As a bilingual career coach and job search expert, I meet with clients who encounter difficulty in landing a satisfying job that matches their talents, motivators and work personality.

Most job seekers engage in a "passive" job hunt, which rarely brings successful results. “Blasting” resumes endlessly and spending time exclusively on job sites does not constitute a successful job hunt.

Job openings are concentrated in the “hidden job market,” because employers do not want to incur the expense of advertisements or to wade through up to 500 resumes from one job posting.

In a fiercely competitive job market, how do you stand apart from other job seekers?

1. Establish your personal brand.

In a word, this means what makes you unique? What are you known for by past employers and customers? What do you do better than anyone else? Why were you hired at the last job? For more on personal branding, go to or consult Dan Schawbel's personal branding blog.

2. Limit your electronic job search to 1 hour a day. Most job boards only have a 1-3% success rate. Use "aggregates," which are sites which take job postings and combine them, such as and You save a lot of wasted time using aggregates. In October, ad revenues for fell 26% and by 36%.

3. Make your resume visual and non-conventional. Entice employers with logos, numbers, accomplishments and testimonials from past employers and supervisors. Testimonials originate from performance evaluations and from letters of reference or recommendation. They are a powerful tool to convince employers that you demonstrate value and uphold a professional reputation.

Better still, be a REBEL and be INNOVATIVE. Don't send a resume. (Contrary to popular opinion, the resume doesn't exclusively win the interview).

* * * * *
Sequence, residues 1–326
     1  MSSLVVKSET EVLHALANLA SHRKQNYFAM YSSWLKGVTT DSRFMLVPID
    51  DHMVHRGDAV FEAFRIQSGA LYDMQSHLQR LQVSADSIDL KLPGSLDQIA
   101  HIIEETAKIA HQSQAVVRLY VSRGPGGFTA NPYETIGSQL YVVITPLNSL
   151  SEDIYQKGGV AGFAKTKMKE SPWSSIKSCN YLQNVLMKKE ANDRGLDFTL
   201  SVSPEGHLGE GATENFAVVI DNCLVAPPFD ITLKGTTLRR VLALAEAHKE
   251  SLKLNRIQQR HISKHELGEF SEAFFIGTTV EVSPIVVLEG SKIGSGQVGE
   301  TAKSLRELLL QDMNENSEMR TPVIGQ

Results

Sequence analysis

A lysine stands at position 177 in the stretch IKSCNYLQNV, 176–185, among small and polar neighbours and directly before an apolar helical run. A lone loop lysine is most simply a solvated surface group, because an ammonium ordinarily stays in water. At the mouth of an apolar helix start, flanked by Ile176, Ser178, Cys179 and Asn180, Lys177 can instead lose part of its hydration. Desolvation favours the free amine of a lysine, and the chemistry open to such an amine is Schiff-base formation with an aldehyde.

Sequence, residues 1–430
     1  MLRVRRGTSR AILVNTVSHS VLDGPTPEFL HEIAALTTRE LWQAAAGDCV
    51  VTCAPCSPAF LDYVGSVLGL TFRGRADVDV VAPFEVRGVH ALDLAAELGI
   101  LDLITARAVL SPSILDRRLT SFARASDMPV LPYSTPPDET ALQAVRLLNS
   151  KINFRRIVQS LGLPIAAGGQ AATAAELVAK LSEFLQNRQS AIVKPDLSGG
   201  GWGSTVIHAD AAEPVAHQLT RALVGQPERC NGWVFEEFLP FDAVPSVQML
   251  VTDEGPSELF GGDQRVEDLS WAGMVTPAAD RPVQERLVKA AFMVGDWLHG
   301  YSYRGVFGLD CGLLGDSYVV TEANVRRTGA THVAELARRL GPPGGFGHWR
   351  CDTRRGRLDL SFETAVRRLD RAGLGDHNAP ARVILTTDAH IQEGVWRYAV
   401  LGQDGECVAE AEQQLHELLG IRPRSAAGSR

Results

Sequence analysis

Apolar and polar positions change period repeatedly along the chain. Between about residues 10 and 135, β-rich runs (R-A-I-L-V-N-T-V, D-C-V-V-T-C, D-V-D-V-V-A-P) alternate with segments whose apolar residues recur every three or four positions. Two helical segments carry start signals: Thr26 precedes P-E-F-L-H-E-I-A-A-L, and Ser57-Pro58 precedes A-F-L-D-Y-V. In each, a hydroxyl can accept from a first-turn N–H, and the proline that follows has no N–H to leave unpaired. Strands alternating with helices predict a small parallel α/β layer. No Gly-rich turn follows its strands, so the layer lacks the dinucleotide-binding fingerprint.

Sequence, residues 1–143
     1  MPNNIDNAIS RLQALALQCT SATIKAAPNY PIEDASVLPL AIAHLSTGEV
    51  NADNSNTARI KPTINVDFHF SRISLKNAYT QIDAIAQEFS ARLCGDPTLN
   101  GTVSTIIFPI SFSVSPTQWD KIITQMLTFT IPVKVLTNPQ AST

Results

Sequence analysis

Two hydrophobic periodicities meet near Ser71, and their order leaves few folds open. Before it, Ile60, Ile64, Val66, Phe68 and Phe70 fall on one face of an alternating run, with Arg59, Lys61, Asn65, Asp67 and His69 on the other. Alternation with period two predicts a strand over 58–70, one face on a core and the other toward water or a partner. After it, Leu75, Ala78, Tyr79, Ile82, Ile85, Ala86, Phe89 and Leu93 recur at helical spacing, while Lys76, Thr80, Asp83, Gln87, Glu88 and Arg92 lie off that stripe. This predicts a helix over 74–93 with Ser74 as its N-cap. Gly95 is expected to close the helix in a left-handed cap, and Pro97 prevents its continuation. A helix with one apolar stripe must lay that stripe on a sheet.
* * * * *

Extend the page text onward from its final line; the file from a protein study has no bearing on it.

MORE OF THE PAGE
A solid, sales letter or value proposition letter woos decision makers and influencers. These two unconventional types work effectively in the hidden job market.

Test the waters.

Send a sales letter OR value proposition letter OR a bio. You can create a bio for free on   More research suggests that recruiters are attracted to bios rather than the sea of unimaginative resumes that pervade job boards and slip into what recruiters call the "black hole."

4. Use social media. Recent studies show that 69% of Canadian recruiters used and 44% used Facebook to source to search "passive talent," screen candidates and check for references. By using social media, you show employers that you have expertise in your field and are conversant with technology.

Open a free account on or use your friends on Facebook to get help in your social network.

(For FULL DETAILS on how to use social media strategically in your job search, buy my ebook, How to find a job using social media.

5. Be irresistible to employers. Mail a handwritten, follow-up cover letter saying that you have prepared a slide of what you would do in 30 days.  (Presentation slides are free on ) Or prepare a few before your interview to really “wow” employers.

Follow-up up with employers by convincing them that they can hire you at a discount (hiring you will cost less because you offer value in your area of specialization). Employers have a one-track mind: “make or save me money.”

Do competitive intelligence (what the competitor is doing). Impress employers with this “insider” information.

For more innovative job search techniques, book a coaching session with Melissa at 1-877-621-3141//613-382-7641 today!